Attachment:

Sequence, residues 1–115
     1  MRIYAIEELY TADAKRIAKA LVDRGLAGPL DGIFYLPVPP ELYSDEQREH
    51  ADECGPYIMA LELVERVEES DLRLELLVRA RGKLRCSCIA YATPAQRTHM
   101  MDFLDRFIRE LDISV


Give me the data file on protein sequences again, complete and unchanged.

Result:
Sequence, residues 1–115
     1  MRIYAIEELY TADAKRIAKA LVDRGLAGPL DGIFYLPVPP ELYSDEQREH
    51  ADECGPYIMA LELVERVEES DLRLELLVRA RGKLRCSCIA YATPAQRTHM
   101  MDFLDRFIRE LDISV